In 2010 Mayor William Bell requested that the library propose a plan to save $900,000 in the system's annual budget. The board proposed closing three neighborhood branches. Public pressure led the Birmingham City Council to save two of those locations, with only the Slossfield Library closing.

Much of the Birmingham Public Library system was closed to the public during the 2020 Coronavirus pandemic. Library staff continued to provide remote services, such as providing homework help and assistance to parents teaching at home; managing digital borrowing; scanning materials for researchers; and coordinating curbside pick-ups. In his 2021 Birmingham budget proposal, Mayor Randall Woodfin proposed cutting the city's direct appropriation to the library by $2.5 million. He also ordered most of the library's 230 employees that they would be furloughed from work from September until libraries could reopen. The library board disputed the Mayor's authority to furlough workers and told staff to ignore the letters they had received. After negotiations, the Mayor's office agreed to restore some of the lost funding, but Woodfin later announced even more drastic cuts, to $6.2 million for the fiscal year, leaving it up to the board to determine closures and furloughs. The following week the board approved the director's recommendation to furlough 158 of the system's 211 employees.

Prior to that announcement, the closure of the Eastwood Branch had already been announced.

Collections

The Birmingham Public Library houses numerous notable collections in its archives, including the Tutwiler Collection of Southern History and Literature and the Rucker Agee Collection of Maps of the Southeast.

Directors

Branches

The Birmingham Public Library has the following branches:

Regional branches

Neighborhood branches

Former branches

In preparing to submit his 2011 Birmingham budget, Mayor William Bell asked Library director Renee Blalock to provide a list of five of the city's 19 branches that she could recommend for temporary closure in order to cut costs. The initial list included the Slossfield, North Avondale, East Ensley, Inglenook and Ensley branches. Blalock subsequently developed a plan to cut $900,000 from the library's budget by closing three of the branches (Slossfield, East Ensley and Inglenook), cutting part-time staff, reducing utility costs, and ending Saturday hours except at the Central library and regional branches. Public outcry led the board to preserve two of those, East Ensley and Inglenook.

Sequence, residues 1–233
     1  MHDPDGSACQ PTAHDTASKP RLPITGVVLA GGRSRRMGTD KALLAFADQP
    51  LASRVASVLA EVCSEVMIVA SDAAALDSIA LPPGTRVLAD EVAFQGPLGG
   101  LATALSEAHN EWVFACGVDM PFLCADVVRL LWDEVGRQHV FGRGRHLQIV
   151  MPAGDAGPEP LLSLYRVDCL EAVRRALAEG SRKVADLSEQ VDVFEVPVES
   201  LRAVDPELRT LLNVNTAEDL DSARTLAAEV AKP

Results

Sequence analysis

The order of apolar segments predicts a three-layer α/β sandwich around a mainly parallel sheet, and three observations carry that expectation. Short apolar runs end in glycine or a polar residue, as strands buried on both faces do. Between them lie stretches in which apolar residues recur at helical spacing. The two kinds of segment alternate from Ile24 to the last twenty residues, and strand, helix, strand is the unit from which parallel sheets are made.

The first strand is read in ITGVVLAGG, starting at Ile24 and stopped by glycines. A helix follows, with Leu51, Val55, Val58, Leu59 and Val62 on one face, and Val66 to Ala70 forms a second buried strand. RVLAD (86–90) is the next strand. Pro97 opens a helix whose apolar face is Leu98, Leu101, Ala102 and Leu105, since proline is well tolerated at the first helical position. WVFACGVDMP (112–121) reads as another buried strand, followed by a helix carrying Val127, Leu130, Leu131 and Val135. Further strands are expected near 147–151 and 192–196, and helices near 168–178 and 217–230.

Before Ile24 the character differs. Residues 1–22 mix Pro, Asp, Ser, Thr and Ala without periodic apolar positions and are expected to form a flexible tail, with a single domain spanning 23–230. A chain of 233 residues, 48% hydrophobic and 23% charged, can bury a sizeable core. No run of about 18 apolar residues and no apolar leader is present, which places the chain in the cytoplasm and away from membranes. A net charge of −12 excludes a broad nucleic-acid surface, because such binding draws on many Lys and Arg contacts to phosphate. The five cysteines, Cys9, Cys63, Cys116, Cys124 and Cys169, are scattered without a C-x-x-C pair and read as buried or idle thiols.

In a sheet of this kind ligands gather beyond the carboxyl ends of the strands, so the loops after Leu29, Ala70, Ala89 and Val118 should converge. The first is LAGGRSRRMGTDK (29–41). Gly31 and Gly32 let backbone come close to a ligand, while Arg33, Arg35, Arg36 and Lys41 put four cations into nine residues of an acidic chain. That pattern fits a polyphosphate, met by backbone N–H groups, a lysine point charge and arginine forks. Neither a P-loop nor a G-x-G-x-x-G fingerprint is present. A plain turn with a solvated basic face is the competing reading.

References

  • "The Public Library" (May 26, 1902) The Birmingham News, p. 1
  • Alabama Historical Association. (2001) "The Birmingham Public Library" Historical Marker. Linn Park. [1]
  • Wolfson, Hannah K. (December 26, 2009) "Main Birmingham library's map collection ancient, 'priceless'." The Birmingham News
  • Wolfson, Hannah (June 18, 2010) "Three Birmingham library branches to close by end of July." The Birmingham News
  • Williams, Roy L. (October 23, 2017) "Birmingham Public Library hires Floyd Council as executive director." The Birmingham Times
  • Prickett, Sam (October 9, 2018) "Birmingham Public Library Atmosphere 'Toxic' 'Hostile,' Employees Say. Leadership 'Not for Faint of Heart,' New Director Responds" BirminghamWatch
  • Prickett, Sam (August 26, 2020) "City Notifies Birmingham Library Employees of Furloughs; Library Board President Contests City Authority." BirminghamWatch
  • Prickett, Sam (August 28, 2020) "Furloughs on Hold, but Maybe Not for Long." BirminghamWatch
  • Prickett, Sam (September 16, 2020) "Woodfin’s Revised Library Budget Lower Than Expected, With $3.6M Remaining Until June 30." BirminghamWatch
  • Wright, Barnett (September 21, 2020) "‘Gut-wrenching’ furloughs wipe out 75% of Birmingham Library workers." The Birmingham Times
  • Johnson, Roy S. (October 14, 2020) "Now, Birmingham library system must create evolution it ‘should have embraced 10 years ago’." The Birmingham News

External links